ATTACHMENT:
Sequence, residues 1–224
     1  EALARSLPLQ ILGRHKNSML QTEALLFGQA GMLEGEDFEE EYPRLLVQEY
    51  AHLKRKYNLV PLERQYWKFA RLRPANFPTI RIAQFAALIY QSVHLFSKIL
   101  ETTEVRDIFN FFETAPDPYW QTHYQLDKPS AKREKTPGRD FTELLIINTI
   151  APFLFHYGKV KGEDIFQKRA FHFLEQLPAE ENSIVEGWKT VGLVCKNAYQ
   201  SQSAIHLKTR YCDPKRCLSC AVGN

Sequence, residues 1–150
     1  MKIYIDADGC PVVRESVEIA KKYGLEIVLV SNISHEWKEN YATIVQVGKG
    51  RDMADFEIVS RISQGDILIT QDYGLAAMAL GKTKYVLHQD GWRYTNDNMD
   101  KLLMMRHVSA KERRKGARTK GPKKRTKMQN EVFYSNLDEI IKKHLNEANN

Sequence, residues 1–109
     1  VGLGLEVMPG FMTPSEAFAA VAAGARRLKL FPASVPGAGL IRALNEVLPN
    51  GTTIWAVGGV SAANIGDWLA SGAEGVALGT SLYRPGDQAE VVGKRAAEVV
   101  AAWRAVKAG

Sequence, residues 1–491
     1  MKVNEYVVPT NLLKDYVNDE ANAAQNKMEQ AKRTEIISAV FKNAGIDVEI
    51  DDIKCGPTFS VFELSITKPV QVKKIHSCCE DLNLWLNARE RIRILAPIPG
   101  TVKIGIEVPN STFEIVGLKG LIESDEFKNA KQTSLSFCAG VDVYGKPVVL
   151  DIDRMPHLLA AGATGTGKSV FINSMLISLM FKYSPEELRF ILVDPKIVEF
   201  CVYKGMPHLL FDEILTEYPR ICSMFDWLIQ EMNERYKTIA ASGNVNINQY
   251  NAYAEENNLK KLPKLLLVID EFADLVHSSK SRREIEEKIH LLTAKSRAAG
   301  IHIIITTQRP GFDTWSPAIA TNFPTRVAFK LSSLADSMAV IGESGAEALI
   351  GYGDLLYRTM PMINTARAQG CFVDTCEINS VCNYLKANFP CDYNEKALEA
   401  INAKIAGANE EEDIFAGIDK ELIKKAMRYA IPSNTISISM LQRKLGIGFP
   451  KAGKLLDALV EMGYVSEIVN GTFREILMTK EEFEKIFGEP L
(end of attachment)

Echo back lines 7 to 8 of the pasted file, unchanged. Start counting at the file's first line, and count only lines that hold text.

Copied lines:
Sequence, residues 1–150
     1  MKIYIDADGC PVVRESVEIA KKYGLEIVLV SNISHEWKEN YATIVQVGKG